Generation – each succeeding stage in reproduction from the original copy.
Ghosting – ghost images are unwanted images that reduce print value. Mechanical ghosting develops during the delivery of the printed sheet and is traceable to on–press conditions, ink starvation, form layout, and even to the blanket itself. Chemical ghosting, which occurs during the drying process of ink on paper, is especially bothersome because the condition cannot be detected until the job has been completed.
Gloss – the shine reflected from a surface; in paper measurement, it is the specular reflection of light, incident and reflected at a 15 degree angle from a surface, as compared to a polished plate of black glass; papers can range in finish from matte to satin or dull to glossy.
Glued–on cover – a cover fastened to the text with glue.
Gluing off – the process of applying glue to the spine of a book to be case bound, after sewing and smashing, and before trimming.
Grade – the classification given to paper due to its unique characteristics, which includes brightness, opacity, cotton content, etc.
Grain – refers to the alignment of fibers in the direction of their flow on the paper machine. Folding and scoring work best when done in the paper’s grain direction. Grain also affects tear strength, stiffness and dimensional stability.
Grain long – a sheet of paper in which the fibers are aligned parallel to the long edge. A longer dimension noted last indicates grain long – 11” x 17”
Grain short – a sheet of paper in which fibers are aligned parallel to the short edge. A shorter dimension noted last indicates grain short – 17” x 11”
Grammage – the basis weight of paper stated in metric terms of grams per square meter and expressed as g/m2. Thus, a sheet of paper 17 x 22 with a basis weight of 20 lbs. for 500 sheets would be expressed metrically as 75 g/m2. To convert from basis weight to grams per square meter (g/m2), multiply basis weight by 1406.5 (a constant factor) and divide by the number of square inches in base sheet.
Gravure printing – a form of recessed printing, as is engraving. The printing method where the very fluid ink is applied to the plate or plate cylinder and is carried in small microscopic cells, recessed into the plate. Used for long run printing applications, due to plate or cylinder costs, but long plate life; since run on rotary presses, called rotogravure. Engraved printing is based on the same principle, using larger recessed areas (as opposed to microscopic cells) and more viscous inks.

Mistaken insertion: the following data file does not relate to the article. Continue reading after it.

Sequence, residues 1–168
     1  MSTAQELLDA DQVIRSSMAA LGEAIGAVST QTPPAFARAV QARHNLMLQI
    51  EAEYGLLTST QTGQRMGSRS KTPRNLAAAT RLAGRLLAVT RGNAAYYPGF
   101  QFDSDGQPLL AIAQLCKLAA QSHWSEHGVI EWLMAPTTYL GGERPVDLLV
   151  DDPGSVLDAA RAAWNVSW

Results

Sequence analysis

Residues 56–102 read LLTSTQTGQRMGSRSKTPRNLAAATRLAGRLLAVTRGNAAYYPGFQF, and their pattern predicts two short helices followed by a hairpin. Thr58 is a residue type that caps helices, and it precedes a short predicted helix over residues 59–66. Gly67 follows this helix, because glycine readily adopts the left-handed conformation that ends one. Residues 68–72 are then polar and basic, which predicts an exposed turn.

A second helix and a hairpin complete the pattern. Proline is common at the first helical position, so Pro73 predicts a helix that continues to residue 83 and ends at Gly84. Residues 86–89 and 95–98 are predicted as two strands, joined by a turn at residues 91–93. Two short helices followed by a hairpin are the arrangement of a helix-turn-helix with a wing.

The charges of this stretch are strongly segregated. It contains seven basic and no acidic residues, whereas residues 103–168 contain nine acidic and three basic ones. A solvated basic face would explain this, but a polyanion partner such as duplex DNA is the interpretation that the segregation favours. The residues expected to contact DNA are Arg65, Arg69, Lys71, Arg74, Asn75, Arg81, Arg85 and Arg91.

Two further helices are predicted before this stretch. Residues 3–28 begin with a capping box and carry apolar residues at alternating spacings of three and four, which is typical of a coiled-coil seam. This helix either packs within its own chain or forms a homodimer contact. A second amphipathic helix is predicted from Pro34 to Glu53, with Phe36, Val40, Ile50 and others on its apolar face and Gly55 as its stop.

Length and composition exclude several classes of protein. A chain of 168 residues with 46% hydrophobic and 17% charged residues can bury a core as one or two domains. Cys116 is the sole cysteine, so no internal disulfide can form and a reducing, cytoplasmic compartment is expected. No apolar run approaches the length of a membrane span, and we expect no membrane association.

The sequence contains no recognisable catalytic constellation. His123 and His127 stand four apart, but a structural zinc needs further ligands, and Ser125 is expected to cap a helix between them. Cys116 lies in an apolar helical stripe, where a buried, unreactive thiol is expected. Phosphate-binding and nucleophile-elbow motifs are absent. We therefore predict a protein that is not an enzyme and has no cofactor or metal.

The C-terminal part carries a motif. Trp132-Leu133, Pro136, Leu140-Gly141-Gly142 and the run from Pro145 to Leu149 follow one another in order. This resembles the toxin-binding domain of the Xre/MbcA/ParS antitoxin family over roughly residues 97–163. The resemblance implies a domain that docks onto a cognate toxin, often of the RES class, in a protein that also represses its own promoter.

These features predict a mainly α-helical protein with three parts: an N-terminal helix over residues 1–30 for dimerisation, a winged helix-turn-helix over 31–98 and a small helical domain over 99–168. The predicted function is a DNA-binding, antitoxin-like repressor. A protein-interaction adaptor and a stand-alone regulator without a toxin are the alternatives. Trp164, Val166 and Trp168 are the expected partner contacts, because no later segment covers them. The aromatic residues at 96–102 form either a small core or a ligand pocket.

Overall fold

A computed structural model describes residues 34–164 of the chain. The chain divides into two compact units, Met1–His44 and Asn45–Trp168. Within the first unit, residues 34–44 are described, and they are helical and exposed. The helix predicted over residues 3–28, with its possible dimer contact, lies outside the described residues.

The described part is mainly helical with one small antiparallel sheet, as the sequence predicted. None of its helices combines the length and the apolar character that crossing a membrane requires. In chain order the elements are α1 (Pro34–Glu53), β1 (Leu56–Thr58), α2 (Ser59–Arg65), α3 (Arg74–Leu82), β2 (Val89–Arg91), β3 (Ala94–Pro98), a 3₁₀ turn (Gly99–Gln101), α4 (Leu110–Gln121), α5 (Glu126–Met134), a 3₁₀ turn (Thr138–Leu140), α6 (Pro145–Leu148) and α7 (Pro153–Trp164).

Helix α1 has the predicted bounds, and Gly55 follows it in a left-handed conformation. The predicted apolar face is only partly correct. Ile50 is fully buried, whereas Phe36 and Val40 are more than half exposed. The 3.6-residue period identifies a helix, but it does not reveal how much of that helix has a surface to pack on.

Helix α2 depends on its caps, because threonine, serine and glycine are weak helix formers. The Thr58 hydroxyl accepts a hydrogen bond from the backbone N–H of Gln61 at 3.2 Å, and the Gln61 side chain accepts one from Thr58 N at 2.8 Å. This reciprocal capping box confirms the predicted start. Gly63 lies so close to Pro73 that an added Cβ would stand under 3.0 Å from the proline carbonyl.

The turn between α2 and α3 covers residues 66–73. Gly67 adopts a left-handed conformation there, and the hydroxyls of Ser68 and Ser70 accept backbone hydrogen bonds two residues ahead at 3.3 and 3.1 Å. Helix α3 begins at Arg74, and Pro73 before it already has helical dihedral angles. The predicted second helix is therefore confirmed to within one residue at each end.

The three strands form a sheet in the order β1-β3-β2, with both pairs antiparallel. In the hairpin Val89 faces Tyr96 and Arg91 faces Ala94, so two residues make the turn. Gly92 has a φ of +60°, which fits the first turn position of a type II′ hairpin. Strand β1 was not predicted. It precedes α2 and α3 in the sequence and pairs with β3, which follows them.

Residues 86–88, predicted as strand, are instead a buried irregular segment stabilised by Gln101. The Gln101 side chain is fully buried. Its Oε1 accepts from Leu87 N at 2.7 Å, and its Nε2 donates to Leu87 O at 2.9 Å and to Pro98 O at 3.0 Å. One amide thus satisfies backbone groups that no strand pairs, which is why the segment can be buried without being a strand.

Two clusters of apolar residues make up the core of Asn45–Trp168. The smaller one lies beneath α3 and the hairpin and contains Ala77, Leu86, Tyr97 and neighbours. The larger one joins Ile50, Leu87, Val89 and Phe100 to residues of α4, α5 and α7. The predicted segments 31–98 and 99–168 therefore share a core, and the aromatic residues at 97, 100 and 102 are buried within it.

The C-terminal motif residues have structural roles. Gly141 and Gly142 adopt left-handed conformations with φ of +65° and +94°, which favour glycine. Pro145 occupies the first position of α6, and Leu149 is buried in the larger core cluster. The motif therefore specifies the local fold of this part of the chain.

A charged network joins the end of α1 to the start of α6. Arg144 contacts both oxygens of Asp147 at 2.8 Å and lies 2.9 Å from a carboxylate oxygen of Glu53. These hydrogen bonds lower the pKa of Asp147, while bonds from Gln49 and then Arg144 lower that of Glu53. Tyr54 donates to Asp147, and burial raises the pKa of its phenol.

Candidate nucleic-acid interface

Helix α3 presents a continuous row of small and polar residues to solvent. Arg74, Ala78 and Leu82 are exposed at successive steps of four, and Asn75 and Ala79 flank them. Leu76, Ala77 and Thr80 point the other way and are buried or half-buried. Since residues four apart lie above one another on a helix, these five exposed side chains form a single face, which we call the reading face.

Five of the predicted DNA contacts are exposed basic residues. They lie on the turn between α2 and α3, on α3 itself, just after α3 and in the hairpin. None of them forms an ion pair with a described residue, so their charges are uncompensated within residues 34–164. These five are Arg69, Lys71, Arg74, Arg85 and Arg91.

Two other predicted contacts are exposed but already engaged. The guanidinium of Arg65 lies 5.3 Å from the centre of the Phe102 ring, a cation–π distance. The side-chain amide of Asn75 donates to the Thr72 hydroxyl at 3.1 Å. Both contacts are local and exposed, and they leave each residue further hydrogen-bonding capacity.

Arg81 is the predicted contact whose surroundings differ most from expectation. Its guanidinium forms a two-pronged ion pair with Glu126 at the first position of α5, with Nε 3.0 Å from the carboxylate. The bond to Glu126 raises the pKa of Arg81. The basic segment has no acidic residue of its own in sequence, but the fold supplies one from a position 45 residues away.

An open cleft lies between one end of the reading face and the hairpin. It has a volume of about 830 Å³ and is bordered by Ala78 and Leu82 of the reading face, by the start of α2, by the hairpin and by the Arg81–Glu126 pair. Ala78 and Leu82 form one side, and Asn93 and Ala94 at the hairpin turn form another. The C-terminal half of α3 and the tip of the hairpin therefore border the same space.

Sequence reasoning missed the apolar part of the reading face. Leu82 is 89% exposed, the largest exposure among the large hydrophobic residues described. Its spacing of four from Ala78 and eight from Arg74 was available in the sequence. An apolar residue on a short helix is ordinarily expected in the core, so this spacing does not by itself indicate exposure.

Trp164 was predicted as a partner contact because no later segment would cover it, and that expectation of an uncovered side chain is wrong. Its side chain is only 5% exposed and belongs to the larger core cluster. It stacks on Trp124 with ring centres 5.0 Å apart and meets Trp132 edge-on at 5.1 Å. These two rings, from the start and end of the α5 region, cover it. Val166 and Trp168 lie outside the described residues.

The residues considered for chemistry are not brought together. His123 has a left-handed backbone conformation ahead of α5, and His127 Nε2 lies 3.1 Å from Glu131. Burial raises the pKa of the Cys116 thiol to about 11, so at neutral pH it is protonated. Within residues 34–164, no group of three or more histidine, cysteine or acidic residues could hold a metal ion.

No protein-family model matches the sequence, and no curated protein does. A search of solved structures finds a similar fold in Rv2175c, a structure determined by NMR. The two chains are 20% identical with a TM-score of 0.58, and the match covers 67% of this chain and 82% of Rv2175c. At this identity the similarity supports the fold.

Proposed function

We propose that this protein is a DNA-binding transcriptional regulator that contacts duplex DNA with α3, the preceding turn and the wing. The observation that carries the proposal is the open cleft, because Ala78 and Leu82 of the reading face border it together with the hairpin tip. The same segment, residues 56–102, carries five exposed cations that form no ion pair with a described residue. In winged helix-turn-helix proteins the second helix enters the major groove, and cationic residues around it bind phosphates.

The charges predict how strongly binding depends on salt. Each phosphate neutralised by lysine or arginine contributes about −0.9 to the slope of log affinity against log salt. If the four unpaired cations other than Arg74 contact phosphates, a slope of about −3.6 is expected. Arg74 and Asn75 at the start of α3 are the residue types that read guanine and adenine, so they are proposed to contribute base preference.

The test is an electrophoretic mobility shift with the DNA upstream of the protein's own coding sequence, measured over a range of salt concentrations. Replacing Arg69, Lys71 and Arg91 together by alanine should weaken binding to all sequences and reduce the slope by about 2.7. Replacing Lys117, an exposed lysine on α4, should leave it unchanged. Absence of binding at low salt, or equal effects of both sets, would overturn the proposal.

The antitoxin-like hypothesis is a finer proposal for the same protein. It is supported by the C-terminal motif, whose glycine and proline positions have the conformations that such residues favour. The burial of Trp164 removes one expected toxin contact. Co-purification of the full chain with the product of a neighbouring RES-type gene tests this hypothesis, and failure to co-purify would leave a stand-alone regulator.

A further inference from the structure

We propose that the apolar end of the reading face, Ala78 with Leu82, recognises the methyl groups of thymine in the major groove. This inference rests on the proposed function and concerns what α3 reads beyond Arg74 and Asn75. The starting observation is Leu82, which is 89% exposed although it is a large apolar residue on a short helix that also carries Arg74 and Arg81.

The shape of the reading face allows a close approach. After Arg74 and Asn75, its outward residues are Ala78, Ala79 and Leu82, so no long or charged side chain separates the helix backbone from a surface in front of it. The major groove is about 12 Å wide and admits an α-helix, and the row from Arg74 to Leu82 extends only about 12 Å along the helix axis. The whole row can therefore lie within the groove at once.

Gray balance – the dot values or densities of cyan, magenta, and yellow that produce neutral gray.
Gripper – a row of clips that holds a sheet of paper as it speeds through the press.
Gripper edge – leading edge of a sheet of paper as it passes through the printing press.
Groundwood paper – paper that is made from a furnish containing a large percentage of groundwood pulp.
Groundwood pulp – slurry produced by mechanically abrading fibers from debarked logs through forced contact with the surface of a revolving grindstone. Used extensively to make newsprint and publication grades.
Gross weight – the total weight of merchandise and shipping container.
GSM – grams per square meter is the metric standard for paper weight. GSM calculates the actual weight of a square meter of a paper.
Guide edge – the edge of a printed sheet at right to the gripper edge, which travels along a guide on the press or folder. This edge, like the gripper edge, should never be altered or mutilated between the printing and folding operations. It is the shorter edge of the sheet.
Guide marks – a method of using crossline marks on the offset press plate to indicate trim, centering of the sheet, centering of the plate, etc.; these are sometimes called register marks.
Guide side – the side the press uses to guide the sheet to the exact side toward the operator; also known as operator or control side.
Guillotine – device that is used to cut or trim stacks of paper to the desired size.
Gumming – in platemaking, the process of applying a thin coating of gum to the non–printing areas of a lithographic plate.
Halftone – a general reduction in the overall contrast of a halftone, to allow type to be easily readable when printed over it.
Halftone dot – pattern of different sized dots to simulate continuous tone images.
Halftone screen – an engraved glass through which continuous tone copy is photographed and reduced to a series of dots or halftone printing.
Handsheet – a single sheet of paper made by a hand process for testing purposes (as to determine qualities of paper to be made from a given batch of pulp).